• Copper prices crashed below $5,000 a tonne for the first time in more than three years as growing expectations of surplus metal were reinforced by large deliveries to London Metal Exchange-registered warehouses. Benchmark LME copper ended down 7.8% at $4,840 a tonne in LME ring trading.
• Oil prices plunged, with U.S. crude futures hitting an 18-year low, as governments worldwide accelerated lockdowns to counter the coronavirus pandemic that is causing global fuel demand to collapse. U.S. crude fell $5.47, or 20%, at $21.48 a barrel. The session low was the lowest since February 2002. Brent crude was trading down $3.47, or 12%, at $25.25 a barrel after dropping as low as $24.72, its weakest since 2003.
ECONOMIC DATA TODAY
• Australia - Feb employment (last 13.5k, forecast 8.5k). COVID-19 was just breaking out of China in Feb so the impact will be in hours worked rather than employment.
• Australia - Feb unemployment rate (last 5.3%, forecast 5.3%).
• NZ - Q4 GDP (last 0.7%, forecast 0.6%_. Firmer services sector activity, with softness in goods.
• Japan - Feb CPI %yr (last 0.7%, forecast 0.5%). Inflation pressures weak, and likely to decelerate further.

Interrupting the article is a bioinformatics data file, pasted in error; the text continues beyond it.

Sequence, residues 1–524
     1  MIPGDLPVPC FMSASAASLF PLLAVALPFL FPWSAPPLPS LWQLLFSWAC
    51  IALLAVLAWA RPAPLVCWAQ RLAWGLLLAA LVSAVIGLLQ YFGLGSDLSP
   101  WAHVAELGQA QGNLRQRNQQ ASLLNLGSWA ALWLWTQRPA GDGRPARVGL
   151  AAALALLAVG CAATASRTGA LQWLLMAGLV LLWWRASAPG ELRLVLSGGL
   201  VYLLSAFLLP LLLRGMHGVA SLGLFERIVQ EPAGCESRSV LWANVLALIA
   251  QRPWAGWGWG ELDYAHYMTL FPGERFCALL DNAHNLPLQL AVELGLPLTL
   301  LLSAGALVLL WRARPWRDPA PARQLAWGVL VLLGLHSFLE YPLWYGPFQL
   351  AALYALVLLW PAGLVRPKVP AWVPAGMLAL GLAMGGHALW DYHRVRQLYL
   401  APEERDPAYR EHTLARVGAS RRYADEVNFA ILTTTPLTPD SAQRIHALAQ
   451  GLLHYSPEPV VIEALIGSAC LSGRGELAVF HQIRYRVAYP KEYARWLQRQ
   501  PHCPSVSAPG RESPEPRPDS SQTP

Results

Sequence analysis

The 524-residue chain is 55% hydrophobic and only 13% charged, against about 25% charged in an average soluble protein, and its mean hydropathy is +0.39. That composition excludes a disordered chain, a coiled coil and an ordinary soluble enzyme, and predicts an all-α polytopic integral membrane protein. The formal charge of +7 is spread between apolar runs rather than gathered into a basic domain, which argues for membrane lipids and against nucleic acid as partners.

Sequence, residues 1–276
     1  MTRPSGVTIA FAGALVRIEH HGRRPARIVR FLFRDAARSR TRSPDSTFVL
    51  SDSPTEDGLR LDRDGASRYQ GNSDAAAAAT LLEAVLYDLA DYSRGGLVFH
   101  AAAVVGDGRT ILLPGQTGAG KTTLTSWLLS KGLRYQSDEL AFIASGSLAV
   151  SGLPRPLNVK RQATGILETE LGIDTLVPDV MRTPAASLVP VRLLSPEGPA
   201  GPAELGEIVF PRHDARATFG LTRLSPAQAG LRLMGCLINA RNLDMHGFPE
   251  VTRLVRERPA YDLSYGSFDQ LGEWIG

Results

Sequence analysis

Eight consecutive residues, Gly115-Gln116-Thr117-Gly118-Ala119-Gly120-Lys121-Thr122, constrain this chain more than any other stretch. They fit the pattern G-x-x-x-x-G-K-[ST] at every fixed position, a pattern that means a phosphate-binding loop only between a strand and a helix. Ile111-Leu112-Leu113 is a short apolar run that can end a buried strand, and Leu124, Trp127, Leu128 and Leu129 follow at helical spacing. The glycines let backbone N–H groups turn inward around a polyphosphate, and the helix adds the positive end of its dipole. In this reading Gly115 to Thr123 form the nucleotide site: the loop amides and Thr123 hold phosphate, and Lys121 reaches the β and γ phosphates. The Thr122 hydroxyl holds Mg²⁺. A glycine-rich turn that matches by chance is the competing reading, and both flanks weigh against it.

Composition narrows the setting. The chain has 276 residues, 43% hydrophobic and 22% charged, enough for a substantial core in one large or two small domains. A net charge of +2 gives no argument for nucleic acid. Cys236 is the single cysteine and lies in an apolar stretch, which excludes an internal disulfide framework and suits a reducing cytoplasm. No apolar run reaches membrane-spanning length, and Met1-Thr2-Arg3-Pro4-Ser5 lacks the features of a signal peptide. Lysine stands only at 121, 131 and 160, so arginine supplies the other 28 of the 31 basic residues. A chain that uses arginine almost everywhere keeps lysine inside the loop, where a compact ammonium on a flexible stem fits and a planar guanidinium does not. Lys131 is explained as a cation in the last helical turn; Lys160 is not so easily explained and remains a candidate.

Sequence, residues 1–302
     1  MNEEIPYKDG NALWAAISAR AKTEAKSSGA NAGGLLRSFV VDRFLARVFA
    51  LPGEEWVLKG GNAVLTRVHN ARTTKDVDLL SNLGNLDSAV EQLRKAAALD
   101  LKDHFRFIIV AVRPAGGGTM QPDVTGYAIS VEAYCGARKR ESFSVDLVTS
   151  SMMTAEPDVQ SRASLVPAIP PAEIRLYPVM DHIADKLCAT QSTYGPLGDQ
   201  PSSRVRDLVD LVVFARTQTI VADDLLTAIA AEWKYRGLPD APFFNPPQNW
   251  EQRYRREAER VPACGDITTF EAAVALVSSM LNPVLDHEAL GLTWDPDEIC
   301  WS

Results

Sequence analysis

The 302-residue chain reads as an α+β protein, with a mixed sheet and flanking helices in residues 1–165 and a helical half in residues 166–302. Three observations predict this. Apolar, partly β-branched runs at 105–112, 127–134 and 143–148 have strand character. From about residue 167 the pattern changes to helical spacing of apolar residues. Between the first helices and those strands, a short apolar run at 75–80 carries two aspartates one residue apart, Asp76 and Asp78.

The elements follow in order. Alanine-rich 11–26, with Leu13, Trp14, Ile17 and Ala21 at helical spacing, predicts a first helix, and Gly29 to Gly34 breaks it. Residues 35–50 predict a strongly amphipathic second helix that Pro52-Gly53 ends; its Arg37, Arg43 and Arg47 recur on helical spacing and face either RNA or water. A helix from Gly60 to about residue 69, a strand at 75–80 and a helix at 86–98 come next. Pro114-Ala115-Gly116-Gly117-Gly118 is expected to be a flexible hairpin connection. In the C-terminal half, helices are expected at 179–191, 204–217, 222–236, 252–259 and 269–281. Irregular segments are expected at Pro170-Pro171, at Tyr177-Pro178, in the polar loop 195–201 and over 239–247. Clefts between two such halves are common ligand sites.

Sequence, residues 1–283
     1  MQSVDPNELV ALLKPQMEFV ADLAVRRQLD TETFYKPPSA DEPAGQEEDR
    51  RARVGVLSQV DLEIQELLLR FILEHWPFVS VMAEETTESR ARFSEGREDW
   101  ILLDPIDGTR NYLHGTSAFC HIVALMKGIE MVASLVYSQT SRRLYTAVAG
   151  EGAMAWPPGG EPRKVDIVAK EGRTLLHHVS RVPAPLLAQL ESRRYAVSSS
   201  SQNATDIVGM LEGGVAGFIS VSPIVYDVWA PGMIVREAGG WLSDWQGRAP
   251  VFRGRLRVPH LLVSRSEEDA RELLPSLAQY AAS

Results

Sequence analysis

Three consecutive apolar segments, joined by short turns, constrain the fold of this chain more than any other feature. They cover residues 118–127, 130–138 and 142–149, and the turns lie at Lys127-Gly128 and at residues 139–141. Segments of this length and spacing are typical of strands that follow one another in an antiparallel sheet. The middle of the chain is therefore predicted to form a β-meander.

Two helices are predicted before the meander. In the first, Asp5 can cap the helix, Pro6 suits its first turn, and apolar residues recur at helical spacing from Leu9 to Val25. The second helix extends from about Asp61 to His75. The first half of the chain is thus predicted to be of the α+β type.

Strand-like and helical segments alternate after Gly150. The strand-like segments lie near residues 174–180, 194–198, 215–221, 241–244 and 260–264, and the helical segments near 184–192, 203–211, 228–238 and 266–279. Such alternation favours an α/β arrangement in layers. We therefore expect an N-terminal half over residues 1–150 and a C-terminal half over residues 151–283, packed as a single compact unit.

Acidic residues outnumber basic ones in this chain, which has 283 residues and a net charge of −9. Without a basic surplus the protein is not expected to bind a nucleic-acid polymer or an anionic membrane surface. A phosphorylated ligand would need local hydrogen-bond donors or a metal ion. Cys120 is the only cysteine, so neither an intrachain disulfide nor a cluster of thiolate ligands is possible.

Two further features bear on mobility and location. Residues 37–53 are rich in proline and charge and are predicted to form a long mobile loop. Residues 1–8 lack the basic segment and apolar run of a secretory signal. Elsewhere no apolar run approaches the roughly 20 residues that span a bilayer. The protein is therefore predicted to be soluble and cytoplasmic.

• US - Mar Phily Fed index 36.7 10.0 – Manufacturing to be hit in coming months by COVID spread.
• US - Initial jobless claims 211k – – A key barometer of business response to COVID-19.
• US - Feb leading index 0.8% 0.1% – Will fall materially below trend in coming months.
AUD bears were firmly in the driver’s seat overnight, sending AUD plummeting lower to a new 17 year low at 0.5699 sending. Markets continue to flock to the USD’s safe-haven status as many assets such as long positions in equities, commodities and global government bonds are liquidated.
That safe-haven status has investors shunning emerging market and high beta currencies like the AUD.
Further downward pressure on AUD comes from RBA expectations with the central bank scheduled to meet today to announce a rate cut and QE program (2.30pm).
Markets widely expect the RBA to cut its cash rate a quarter point to 0.25% and announce a move to quantitative easing, including buying government bonds.